Lucid Culture

JAZZ, CLASSICAL MUSIC AND THE ARTS IN NEW YORK CITY

Album of the Day 9/8/11

Virtually every day, our 1000 best albums of all time countdown continues all the way to #1. Thursday’s album is #509:

The Knitters – Poor Little Critter on the Road

This is basically the X record between More Fun in the New World (#936 on this list’s “such an obvious choice that we didn’t bother to explain” page) and Ain’t Love Grand. From 1985, it’s not the first alt-country album, but it is one of the best. Foreshadowing the popular Pete’s Candy Store sound that came out of in Brooklyn in the late 90s/early zeros, it’s a bunch of punk rockers playing old country and folk music, with both passion and chops. Before country was cool, Exene and John Doe really understood the kinship between hillbilly music and punk, exemplified by the blithely grisly title track, sad songs like Silver Wings and Poor Old Heartsick Me, the defiant Baby Out of Jail and rattling versions of Rock Island Line and Walkin’ Cane. There are also mellower yet still edgy versions of a few X tunes including The New World and The Call of the Wreckin’ Ball, which the band has amusingly updated over the years. X has done a couple of tours as the Knitters in recent years: if you get the chance to see them, don’t pass it up. Here’s a random torrent.

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September 7, 2011 Posted by | country music, lists, Music, music, concert, rock music | Leave a comment

The Rudie Crew’s New Album Rocks

The Rudie Crew are best known as a great live band. Their latest album This Is Skragga – streaming in its entirety at bandcamp – proves they can capture the crazy enegy of their live shows in the studio. If this is actually a live recording, except without the crowd noise, that wouldn’t be a surprise. With guitars, keys, horns and what seems like an endless supply of toasters on the mic, they blend a 60s and 70s roots groove with a 90s dancehall vocal style. Imagine Super Cat backed by Toots’ band, and you get an idea of what all this sounds like.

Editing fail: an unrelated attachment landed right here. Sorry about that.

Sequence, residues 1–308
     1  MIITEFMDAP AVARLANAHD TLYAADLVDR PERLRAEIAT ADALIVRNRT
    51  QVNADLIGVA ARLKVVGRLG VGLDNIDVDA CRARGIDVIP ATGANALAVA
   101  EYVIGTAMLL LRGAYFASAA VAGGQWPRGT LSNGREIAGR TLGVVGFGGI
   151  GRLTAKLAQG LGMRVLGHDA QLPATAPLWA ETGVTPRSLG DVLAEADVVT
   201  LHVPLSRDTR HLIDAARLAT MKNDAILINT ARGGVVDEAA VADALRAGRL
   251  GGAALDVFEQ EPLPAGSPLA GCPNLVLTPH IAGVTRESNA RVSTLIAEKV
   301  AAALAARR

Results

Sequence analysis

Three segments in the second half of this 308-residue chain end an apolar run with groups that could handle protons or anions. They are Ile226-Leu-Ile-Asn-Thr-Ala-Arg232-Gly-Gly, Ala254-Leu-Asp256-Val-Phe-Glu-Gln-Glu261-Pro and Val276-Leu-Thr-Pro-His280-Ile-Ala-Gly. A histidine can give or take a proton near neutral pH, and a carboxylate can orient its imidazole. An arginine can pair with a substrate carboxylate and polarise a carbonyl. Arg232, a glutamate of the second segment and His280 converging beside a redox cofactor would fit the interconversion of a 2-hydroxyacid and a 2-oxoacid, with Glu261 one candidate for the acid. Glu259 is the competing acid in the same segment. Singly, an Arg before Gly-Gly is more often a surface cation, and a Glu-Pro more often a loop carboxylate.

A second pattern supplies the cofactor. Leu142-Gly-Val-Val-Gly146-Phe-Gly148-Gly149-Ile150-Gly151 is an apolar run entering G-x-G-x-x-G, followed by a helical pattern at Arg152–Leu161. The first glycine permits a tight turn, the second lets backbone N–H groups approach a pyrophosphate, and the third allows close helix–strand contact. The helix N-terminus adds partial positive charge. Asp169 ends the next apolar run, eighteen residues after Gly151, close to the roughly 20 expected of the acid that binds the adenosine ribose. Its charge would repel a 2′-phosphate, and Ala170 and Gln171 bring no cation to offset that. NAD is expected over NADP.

The opening track, Propaganda benefits from fat, oldschool production, with boomy bass, spicy horns, a guitar solo that starts out hilarious and goes creepy quickly, followed by a smoky off-kilter sax solo. In matter-of-fact Jamaican patwa, the singer warns of the nefarious misdees of the CIA and the FBI in the service of corporate interests, something that ought to be getting everybody’s attention: “Come off your myspace and facebook and ask why!”

The second track, Dem Neva Know is a straight-up, vintage roots reggae sufferah’s anthem, like something off Black Uhuru’s first album but more raw. They follow that with the title track, a punchy ska shuffle with blippy bassline, slinky organ and the horns kicking up a mess when they need to. After what sounds like a succession of vocal cameos, they hit a wicked downward hook that just won’t stop. The last song is Party Girl – she’s she’s impossible to catch up with, and too rich for your blood. The band eventually works its way into a murky boudoir scene done dancehall style. The whole thing is streaming at bandcamp – enjoy.

September 7, 2011 Posted by | Music, music, concert, reggae music, review, Reviews, ska music | , , , , , , , , , , , , | Leave a comment

Album of the Day 9/7/11

Every day, pretty much that is, our 1000 best albums of all time countdown continues all the way to #1. Wednesday’s album is #510:

Esma Redzepova – Queen of the Gypsies

This 2007 album from the legendary Macedonian chanteuse includes both a disc of songs from her native land as well as the Roma songs she was brought up on, which earned her fame throughout Europe. The Macedonian stuff here tends to be more plaintive, Zosto Si Me Majko (Oh Mother Why Was I Born) being a prime example. Backed by a rustic, often haunting acoustic band, Rezdepova makes her way through anthems like Zapej Makedonijo (Macedonia Sings), Svadba Makedonska (Macedonian Wedding) and the wistful Grade Moj (My Town). The gypsy material is a lot more upbeat, often absolutely exhilarating,  a showcase for both her wild vocal ornamentation and also her minutely honed nuance, especially on dance numbers like Esma Cocek and Romano Horo, and the towering, dramatic Hajri Ma Te Dike. Pretty much everything she’s recorded is worth hearing; these 24 tracks are a good overview of her career. Here’s a random torrent. Redzepova makes a rare New York appearance at Drom on 9/24 at 8 PM with her band.

September 7, 2011 Posted by | lists, Music, music, concert, world music | , , , , , , , , , , , , , , , , , , , , , , , , , , , , , , , , , , | Leave a comment